The Sibincic Family.

Ivy, Slaven and their two beautiful daughters Sofija and Natalija enjoy the fresh harvest of organic goods at their home farm.

This is not your typical OFW story.

While most Filipinos go abroad to look for greener pastures in life, #ProudViscan Ivy Moñiza Sibincic had something different in mind.

Greener pasture takes another new meaning for Ivy and her family as this does not mean earning more money through employment but turning their home into a sustainable and eco-friendly farm.

Ivy and her Bosnian-Serb husband Slaven are making a rural community in Southern Europe greener and more sustainable as they can be. And they’re telling this to the whole world by documenting their simple but productive day-to-day activities in social media.

Popularly known online as “The Sibincic Family,” Ivy and her family are setting an example for an eco-friendly living in the countryside of Prnjavor located in Bosnia and Herzegovina (BiH). This is a small but progressive country at the crossroads of south and southeast Europe.

This means that this Serbian-Filipino family grows, raises, and produces food products at the very comfort of their own home.

Since the Sibincic family is blessed with abundant hectares of land, this enabled them to do livestock raising, backyard gardening, beekeeping, seed conservation, and food preservation all at the same time.

There are many things they do to make their land productive and they plan to do more so that they can produce home-made products without relying on what is commercially available.

Because of their unique lifestyle, the Sibincic family has appeared in many television shows in southeastern Europe, has been featured in several lifestyle magazines, and has been celebrated by the Filipino community in Europe as a model family in terms of championing sustainable organic agriculture.

Now that they’re getting known because of their inspiring family practice, Ivy is determined to also promote all these in social media with hopes that she can also make an impact on other families living in the countryside.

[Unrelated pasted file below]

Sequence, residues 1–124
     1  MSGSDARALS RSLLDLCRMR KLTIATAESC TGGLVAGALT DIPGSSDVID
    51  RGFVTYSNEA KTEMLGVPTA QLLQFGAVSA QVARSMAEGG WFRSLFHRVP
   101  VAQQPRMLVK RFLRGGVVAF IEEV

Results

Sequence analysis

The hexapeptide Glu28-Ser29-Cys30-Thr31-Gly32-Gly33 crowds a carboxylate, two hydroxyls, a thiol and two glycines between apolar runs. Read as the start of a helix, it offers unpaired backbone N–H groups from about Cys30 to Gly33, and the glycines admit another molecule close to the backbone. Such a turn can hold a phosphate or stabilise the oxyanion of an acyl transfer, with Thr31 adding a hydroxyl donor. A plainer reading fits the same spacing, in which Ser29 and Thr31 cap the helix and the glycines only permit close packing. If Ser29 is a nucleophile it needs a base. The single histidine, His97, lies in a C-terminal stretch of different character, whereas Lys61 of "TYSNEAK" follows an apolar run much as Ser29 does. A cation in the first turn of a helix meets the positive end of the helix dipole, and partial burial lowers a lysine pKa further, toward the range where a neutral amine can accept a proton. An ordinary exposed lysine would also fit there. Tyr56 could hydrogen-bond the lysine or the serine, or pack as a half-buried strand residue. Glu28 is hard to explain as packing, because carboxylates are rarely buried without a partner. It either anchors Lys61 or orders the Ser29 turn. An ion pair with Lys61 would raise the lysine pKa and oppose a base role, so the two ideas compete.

Hard work and excellence paid off

In 2014, Ivy finished her undergraduate degree in development communication here in VSU.

As a #ProudViscan, she credits VSU in the molding of her passion for agriculture, her persevering character to succeed against all odds, and her unwavering pursuit for excellence even in the small things that she does.

“VSU is a huge part of my journey. The impact of VSU in my life today is really big because I always strive for excellence in everything I do. And I always had this bigger dream of making an impact on the world,” Ivy said.

Though her uncle financially supported her studies, her college life was never easy as this native Boholana had to work on the side while finishing college. Despite that, she excelled in both her academic and extracurricular activities.

In fact, the student organization to which she served as President was chosen as VSU’s Top Organization for 2013.

Ivy was then named VSU Endeavor Awardee in 2014, a recognition given to outstanding self-supporting students who proved that they too can still excel and finish their degree despite their lack of financial resources. And in the same year, she was also accorded with a Leadership Award by her own department for her accomplishments as President of the Development Communicators’ Society (DeCSo).

SIBINCIC-8.jpgIvy received the award as Endeavor Awardee in 2014 for her dedication and perseverance to obtain a college degree despite her financial limitations.

Building a real-life Farmville

Ivy met Slaven in a cruise ship where both of them worked previously. After 3 months of being together, they both decided to tie the knot via a civil wedding that took place in the Philippines followed by a church wedding in Bosnia and Herzegovina.

With this marriage, Ivy migrated to her husband’s country and lived there for four years now. When they were starting their life together, Ivy did not know that Slaven was an agricultural engineering graduate. Ivy’s education in development communication, having strong backgrounds in agriculture. added greater connection between the couple.

With shared interest, they started plotting their dream together of turning into a reality what a sustainable family farm is all about. And to the Sibincic family, realizing this dream is like building a real-life Farmville—a social network game that involves various aspects of farmland management, such as plowing, planting, growing, harvesting crops, and raising livestock.

As a Filipina living in an entirely different environment and culture, she then figured out what she was meant to do in life.